Your wellness program may include the use of medications. Deciding to use medications is a personal decision that only you can make. Your decision should be based on the best information available from your health care providers and your own research. Whether you currently take medications or have had them recommended to you, there is information you need to consider if you decide they are to be part of your wellness plan.
Before visiting your doctor, plan ahead with a list of questions to review. A few examples are as follows:
- What kind of an effectiveness track record does this medication have?
- What are both the short term and long term effects of this medication?
- Are there ways to minimize the chances of experiencing these side effects?
- Why was this particular medication recommended?
Many use medications as a primary way to deal with health problems. Some have used them for a long time. Now, more and more people who use medications are using self-help strategies to complement and enhance their treatment. Others use medications for the short term, to allow time to work on issues, set up systems, learn management techniques and make lifestyle changes that promote and enhance wellness.
Learn all you can about every medication you take. Have a thorough discussion with your physician and other health care providers about all aspects of the suggested medication. Use the internet to gather information. Explore a variety of viewpoints. Make a detailed list of medication questions or use the Medication Information Form outlined in Wrap for Life, to record information about each suggested medication or treatment. Make decisions on how to proceed based on your findings.
Keep your physician advised of how you feel and all side effects that appear after you start taking any medication. Don’t assume how you are feeling is a medication side effect and fail to report it. A serious condition that needs attention could be needlessly overlooked.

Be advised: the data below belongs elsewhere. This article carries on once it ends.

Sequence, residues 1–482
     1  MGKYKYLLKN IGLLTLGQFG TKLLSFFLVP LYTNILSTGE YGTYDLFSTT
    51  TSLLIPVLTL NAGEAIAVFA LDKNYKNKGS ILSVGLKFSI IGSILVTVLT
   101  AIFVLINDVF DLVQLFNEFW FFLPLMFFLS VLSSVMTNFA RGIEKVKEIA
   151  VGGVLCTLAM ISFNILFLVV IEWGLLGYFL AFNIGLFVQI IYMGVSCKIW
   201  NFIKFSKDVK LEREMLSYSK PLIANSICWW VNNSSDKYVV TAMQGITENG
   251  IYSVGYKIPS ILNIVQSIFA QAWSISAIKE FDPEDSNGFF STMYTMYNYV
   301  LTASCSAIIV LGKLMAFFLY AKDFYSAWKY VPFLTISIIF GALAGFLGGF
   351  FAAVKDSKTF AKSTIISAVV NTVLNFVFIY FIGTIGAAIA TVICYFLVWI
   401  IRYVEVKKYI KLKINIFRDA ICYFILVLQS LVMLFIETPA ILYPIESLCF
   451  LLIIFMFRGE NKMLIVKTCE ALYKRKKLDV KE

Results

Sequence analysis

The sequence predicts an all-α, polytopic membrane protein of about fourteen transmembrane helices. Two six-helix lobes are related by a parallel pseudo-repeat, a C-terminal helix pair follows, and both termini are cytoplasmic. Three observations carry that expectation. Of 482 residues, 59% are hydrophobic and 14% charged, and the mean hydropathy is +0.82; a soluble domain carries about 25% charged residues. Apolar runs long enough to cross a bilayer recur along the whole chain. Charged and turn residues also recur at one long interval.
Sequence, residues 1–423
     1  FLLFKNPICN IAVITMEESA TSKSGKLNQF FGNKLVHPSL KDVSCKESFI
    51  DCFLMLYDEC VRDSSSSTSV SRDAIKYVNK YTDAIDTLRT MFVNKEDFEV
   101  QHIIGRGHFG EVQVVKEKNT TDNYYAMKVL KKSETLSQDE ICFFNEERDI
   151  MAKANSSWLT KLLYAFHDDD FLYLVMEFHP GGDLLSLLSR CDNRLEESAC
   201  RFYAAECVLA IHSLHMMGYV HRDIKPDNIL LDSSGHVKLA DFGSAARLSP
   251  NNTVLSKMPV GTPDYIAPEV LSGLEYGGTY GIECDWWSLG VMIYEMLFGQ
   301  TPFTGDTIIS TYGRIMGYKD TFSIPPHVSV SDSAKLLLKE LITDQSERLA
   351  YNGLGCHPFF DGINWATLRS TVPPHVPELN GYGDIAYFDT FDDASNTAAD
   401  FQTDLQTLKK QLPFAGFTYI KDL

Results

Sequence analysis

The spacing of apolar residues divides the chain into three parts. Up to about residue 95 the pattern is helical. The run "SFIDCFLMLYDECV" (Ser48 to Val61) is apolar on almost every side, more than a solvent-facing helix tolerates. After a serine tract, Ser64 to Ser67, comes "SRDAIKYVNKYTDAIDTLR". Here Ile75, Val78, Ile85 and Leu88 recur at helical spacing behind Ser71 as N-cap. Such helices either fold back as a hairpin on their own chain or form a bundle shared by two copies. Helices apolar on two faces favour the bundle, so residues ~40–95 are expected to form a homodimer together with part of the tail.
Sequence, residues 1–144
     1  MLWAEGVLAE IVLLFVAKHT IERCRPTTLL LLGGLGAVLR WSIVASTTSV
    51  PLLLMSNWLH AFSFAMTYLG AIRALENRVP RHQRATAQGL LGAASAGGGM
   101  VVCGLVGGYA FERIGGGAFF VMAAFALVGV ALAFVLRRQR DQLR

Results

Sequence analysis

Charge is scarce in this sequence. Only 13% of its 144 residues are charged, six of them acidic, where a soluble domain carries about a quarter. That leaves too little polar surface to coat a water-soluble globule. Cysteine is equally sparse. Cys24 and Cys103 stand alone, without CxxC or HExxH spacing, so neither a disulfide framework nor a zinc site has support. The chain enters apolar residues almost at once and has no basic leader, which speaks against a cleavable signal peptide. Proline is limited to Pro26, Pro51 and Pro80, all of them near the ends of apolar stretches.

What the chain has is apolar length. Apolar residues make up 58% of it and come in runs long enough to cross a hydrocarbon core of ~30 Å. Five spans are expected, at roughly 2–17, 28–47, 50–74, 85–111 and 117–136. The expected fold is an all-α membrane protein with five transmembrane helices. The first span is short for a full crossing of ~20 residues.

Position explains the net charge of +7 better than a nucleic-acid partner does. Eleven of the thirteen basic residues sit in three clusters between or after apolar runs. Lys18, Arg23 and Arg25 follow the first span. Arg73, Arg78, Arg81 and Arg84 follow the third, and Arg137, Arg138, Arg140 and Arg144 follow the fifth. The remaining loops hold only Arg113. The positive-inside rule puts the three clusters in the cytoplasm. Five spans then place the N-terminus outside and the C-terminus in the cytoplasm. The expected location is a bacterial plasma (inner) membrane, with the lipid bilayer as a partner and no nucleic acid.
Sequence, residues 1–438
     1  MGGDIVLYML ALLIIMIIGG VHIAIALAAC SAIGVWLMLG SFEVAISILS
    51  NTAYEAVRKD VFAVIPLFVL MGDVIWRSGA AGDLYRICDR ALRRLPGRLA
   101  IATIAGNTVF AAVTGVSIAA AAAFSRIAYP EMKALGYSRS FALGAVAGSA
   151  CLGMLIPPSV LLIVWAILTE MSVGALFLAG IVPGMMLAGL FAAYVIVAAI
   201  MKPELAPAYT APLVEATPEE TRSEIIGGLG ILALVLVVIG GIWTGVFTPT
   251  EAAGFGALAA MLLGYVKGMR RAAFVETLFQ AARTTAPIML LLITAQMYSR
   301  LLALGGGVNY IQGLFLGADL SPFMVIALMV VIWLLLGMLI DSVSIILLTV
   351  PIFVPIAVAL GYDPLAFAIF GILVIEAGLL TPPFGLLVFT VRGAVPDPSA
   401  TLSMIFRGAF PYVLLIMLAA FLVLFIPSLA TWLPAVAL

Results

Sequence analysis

You may find that the side effects of your medication are intolerable. You may not be able to think clearly, may have digestive and elimination problems, gain excessive amounts of weight, have dry mouth, headache, dizziness or lose your sexual drive. You may develop a tremor. You deserve to feel well. Work with your doctor to find medications or wellness strategies that will not cause this distress.
Use the self-help techniques outlined in the various WRAP materials and other resources on mental health recovery so you will need only minimal medication or no medications or other invasive treatments.
Mary Ellen Copeland, PhD, developed Wellness Recovery Action Plan (WRAP) with a group of people with lived experience who were attending a mental health recovery workshop in 1997. She is the original author of the WRAP Red Book, as well as dozens of other WRAP books and materials. She has dedicated the last 30 years of her life to learning from people who have mental health issues; discovering the simple, safe, non-invasive ways they get well, stay well, and move forward in their lives; and then sharing what she has learned with others through keynote addresses, trainings, and the development of books, curriculums, and other resources. Now that she is retired, and that, as she intended, others are continuing to share what she has learned, she continues to learn from those who have mental health issues and those who support them. She is a frequent contributor to this site.